Some interesting tidbits from early Chemainus:
Land for sale, 1 £per acre; no takers. That was the end result of advertisements for available land in the Chemainus valley in 1857. In November of 1858 one J. A. Grahame, a clerk for the Hudson Bay company in Fort Vancouver bought 75 acres (35 hectares) on River Road. Known as ‘Grahames’ Prairie’ or ‘Rainbow Ranch’ it is considered the first homestead in the Chemainus Country. There is no indication that he ever lived there or ever developed the property.
In 1859 the first ‘wave’ of settlers, six families of 212 applicants, settled in ‘Chemainus Prairie.’ By 1880, Chemainus Prairie’s name was known as Hall’s Crossing, named after the first owner of the Quist Farm. By 1886 the railway was put through and Captain C. E. Barkley became post-master (by general consensus). The little post office was called Westholme after the name of Captain Barkley’s house, and the name stayed. The 1861 census by the Land Office’s List of settlers names: William Robertson, George Watson, Robert Watson, James Mars, Thomas Cunningham and William Alexander Scott.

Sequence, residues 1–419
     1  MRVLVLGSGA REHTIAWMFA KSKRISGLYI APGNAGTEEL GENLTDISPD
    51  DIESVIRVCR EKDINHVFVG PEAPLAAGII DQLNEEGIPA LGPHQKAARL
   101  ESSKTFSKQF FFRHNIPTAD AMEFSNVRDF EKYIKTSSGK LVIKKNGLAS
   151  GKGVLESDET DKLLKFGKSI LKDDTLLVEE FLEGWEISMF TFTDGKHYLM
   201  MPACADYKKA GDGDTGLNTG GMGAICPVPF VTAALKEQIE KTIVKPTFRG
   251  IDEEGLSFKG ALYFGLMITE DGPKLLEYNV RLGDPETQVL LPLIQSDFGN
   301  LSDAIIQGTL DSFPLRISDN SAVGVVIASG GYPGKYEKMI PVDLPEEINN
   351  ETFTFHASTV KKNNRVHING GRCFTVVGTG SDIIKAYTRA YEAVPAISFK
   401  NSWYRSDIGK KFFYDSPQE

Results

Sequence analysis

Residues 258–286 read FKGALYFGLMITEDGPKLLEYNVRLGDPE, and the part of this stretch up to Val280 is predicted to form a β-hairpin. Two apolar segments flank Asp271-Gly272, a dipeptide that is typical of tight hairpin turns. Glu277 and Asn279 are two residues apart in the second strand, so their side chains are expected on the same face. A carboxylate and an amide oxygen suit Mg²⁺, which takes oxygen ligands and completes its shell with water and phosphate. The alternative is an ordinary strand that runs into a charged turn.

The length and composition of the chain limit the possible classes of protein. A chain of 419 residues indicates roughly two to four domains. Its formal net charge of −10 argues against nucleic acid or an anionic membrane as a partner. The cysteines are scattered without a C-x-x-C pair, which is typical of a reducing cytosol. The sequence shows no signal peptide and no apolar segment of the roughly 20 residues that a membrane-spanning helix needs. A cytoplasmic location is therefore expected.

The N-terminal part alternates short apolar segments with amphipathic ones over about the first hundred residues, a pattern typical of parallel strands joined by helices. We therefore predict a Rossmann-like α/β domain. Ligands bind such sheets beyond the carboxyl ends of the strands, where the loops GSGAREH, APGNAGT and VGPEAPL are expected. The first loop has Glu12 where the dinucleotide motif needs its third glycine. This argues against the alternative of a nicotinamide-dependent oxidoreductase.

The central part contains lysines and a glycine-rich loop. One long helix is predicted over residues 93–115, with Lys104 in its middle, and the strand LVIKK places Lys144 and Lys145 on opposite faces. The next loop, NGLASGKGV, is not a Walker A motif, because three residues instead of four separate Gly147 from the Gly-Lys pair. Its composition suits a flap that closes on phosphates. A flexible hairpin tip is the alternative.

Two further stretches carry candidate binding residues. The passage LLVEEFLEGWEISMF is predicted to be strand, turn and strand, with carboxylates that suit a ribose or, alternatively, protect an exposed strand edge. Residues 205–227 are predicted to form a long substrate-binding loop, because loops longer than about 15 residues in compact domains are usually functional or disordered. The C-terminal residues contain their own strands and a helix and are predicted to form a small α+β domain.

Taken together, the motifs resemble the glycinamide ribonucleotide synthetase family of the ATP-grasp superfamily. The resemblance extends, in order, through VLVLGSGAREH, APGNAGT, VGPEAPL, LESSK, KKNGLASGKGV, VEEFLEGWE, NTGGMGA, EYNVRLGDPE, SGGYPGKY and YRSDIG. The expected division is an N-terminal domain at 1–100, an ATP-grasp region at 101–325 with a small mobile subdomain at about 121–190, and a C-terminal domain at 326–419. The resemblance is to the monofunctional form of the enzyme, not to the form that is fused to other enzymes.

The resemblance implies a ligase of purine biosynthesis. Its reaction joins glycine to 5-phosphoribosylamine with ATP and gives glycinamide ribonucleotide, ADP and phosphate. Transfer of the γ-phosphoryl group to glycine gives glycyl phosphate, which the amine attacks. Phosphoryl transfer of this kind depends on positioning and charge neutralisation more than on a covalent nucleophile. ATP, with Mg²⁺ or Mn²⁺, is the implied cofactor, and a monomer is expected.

In 1863, David Wishart Mainguy bought pre-empted land along the river and mouth of the Chemainus River, as well as Mainguy and Round Island. He developed the land with barns and gardens, chicken run and pig sty. From his first shack, to his house on Mainguy Island to the house he built across the river from All Saints Church, Westholme, he can be considered one of the original settlers.
The logging industry in the Chemainus Valley had begun to bustle in 1850 and Chemainus had been a thriving native community by 1858 (considered its founding year). It was the sawmill built on Horseshoe Bay in 1862 that drew in the people. The sawmill offered as many as 500 jobs and the town was born.
Step into the past by visiting the Chemainus Valley Museum and check out the logging display. It’s located next door to the Waterwheel Park, 9799 Waterwheel Cres.